For the cheesecake filling: Make sure all ingredients have reached room temperature before you start. When ready, add half the cream cheese, half the sugar, half the zests, and two tablespoons of the flour. Beat well: then add the rest of the cream cheese, the rest of the sugar, the rest of the zests and vanilla, the cream, and one tablespoon of the flour. (Reserve the remaining tablespoon.) One at a time, beat in each of the eggs: allow each one to be well beaten in before adding the next. Do the same with two of the egg yolks: reserve one.
When completely mixed, pour half the cheesecake batter into a second bowl. In a third, smaller bowl, add hot water to the instant coffee crystals: mix well until dissolved. Add the cocoa and whisk until well blended into the coffee mixture. Add the final tablespoon of flour and the final egg yolk and whisk well again until completely blended. Finally, add the Baileys and once again whisk lightly until completely blended.
Add this mixture to one of the bowls of cheesecake batter, and stir well until it is completely mixed into the second bowl and the whole second bowl is the same color. Alternately spoon and/or pour the two mixtures into the prepared springform pan. When the pan is full, carefully draw a knife through the mixture a number of times, both vertically and horizontally, to produce the marbling effect.
Preheat the oven to 550°F / 270° C (or as close as you can get to those temperatures). Place the cheesecake carefully on the center rack of the oven and bake at this temperature for 12 minutes. (If your oven will only go to around 500° F / 250° C, bake for 15 minutes.) Then reduce the heat to 220° F / 110° C. Whichever temperature you've used above, bake for another 60 minutes.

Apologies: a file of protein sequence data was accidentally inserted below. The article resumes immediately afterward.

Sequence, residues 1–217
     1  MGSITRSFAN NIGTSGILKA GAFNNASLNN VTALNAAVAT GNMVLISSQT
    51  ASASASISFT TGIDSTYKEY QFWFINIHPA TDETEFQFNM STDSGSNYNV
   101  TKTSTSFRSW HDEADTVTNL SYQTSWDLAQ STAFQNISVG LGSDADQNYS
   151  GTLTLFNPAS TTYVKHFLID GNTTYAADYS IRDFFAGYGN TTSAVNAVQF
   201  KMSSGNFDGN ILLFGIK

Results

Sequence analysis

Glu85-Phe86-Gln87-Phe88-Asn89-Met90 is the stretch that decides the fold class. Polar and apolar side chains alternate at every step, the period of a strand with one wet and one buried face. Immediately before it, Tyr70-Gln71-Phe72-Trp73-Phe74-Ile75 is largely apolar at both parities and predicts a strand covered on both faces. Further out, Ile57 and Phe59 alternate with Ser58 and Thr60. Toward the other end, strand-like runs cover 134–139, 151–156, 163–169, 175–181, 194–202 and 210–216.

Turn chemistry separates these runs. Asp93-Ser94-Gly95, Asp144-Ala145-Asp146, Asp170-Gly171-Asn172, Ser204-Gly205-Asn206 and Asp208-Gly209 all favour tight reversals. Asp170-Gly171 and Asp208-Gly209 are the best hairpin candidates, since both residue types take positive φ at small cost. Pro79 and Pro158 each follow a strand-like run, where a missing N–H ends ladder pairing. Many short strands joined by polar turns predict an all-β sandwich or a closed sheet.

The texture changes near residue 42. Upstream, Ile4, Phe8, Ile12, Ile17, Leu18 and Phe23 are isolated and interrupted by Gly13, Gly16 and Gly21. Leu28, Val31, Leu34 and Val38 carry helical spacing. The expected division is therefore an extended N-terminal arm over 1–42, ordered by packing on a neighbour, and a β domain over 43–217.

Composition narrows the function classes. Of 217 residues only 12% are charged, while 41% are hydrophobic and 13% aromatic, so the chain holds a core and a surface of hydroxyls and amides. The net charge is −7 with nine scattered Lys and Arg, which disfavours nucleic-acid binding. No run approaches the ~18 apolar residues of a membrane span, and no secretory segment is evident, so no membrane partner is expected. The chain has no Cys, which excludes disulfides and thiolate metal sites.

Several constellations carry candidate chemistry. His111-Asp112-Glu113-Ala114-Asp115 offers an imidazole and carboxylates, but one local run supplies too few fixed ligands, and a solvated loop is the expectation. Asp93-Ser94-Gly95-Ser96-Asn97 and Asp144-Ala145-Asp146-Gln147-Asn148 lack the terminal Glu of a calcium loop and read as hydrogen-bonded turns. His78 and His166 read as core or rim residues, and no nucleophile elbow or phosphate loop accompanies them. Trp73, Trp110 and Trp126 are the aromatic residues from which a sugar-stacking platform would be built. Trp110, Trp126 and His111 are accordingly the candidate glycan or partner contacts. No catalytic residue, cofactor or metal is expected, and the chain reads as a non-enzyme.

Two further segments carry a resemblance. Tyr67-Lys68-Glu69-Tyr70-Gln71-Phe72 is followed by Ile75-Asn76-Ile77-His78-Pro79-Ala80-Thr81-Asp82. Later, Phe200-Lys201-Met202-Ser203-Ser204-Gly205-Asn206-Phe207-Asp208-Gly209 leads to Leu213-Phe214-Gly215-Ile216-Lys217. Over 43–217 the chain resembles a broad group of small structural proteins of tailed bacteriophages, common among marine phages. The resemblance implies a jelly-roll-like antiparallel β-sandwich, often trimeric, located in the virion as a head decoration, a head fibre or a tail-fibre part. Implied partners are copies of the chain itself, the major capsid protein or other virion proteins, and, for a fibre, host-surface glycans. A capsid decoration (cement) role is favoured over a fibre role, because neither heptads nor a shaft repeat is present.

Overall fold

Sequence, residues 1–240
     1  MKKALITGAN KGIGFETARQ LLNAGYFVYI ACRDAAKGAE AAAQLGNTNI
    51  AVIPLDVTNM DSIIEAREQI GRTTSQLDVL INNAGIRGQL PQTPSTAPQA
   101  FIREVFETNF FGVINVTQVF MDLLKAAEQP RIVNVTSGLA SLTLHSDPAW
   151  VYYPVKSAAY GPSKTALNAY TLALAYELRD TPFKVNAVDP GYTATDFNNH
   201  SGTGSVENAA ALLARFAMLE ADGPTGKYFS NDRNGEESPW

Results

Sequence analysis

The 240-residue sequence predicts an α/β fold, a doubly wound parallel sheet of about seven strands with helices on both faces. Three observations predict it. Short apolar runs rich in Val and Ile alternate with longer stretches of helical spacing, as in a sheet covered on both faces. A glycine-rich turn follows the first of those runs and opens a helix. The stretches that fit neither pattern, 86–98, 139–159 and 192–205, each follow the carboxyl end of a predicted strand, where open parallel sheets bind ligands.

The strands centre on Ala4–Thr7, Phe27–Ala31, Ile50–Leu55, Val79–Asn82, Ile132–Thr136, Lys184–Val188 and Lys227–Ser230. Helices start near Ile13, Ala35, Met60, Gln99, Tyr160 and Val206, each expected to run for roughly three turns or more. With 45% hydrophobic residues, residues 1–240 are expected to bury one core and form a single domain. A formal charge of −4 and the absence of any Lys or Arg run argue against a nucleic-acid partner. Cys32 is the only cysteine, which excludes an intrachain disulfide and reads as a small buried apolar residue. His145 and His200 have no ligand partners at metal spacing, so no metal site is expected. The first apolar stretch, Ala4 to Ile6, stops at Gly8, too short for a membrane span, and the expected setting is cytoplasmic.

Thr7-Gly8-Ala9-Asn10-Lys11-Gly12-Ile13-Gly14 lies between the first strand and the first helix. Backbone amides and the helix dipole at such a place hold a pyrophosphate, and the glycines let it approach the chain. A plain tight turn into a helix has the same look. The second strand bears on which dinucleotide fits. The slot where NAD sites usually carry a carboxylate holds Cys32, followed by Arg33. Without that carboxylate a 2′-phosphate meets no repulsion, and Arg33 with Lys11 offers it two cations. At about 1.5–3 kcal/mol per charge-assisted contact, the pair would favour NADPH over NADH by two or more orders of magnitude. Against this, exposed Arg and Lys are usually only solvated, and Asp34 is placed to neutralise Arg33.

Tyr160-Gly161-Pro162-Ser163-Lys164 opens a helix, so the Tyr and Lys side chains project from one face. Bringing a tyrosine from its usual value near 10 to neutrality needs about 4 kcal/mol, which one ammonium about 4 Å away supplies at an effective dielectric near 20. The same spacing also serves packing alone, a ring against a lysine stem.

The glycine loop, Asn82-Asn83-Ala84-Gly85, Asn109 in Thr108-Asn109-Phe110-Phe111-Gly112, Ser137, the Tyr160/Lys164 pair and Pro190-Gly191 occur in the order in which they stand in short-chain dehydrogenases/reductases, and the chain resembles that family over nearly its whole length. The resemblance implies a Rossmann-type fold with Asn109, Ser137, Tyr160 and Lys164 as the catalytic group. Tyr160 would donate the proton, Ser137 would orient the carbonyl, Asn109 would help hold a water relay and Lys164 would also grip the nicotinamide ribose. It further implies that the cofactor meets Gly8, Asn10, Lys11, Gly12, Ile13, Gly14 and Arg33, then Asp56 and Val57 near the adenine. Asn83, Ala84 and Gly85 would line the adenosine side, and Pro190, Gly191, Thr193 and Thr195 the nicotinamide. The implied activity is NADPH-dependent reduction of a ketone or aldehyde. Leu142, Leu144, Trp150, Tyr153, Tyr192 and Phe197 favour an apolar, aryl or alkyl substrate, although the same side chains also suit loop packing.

Open the oven, and quickly (wearing an oven mitt) jiggle the springform pan a little to check the cake's texture. If it is still "wiggly" or loose, it needs a little more time. Close the oven again and allow it to sit in the residual heat for another half hour: then remove and cool on a rack. However, if the cheesecake's interior seems firm when you first check it, remove it from the oven and cool on a rack as above.
When completely cool, refrigerate the cheesecake. Do not attempt to serve this cheesecake on the day you make it: it will not have had time to finish setting up, and will go to pieces. The day after you bake it, remove the cheesecake from the fridge and carefully unclamp and remove the springform pan's sides. If there are any signs of sticking when you start to remove the sides, slide a thin bladed knife between the cheesecake and the sides of the springform pan before unclamping it fully.
To make the nicest-looking slices: Slice while cold, using a sharp knife which has been dipped in hot water. Allow the slices to come closer to room temperature before serving, so that the flavor of the Baileys will be at its best.
*Yes, lots of people do spell it "Bailey's Irish Cream" or even "Bailey's Irish Creme". The name doesn't actually have an apostrophe, though.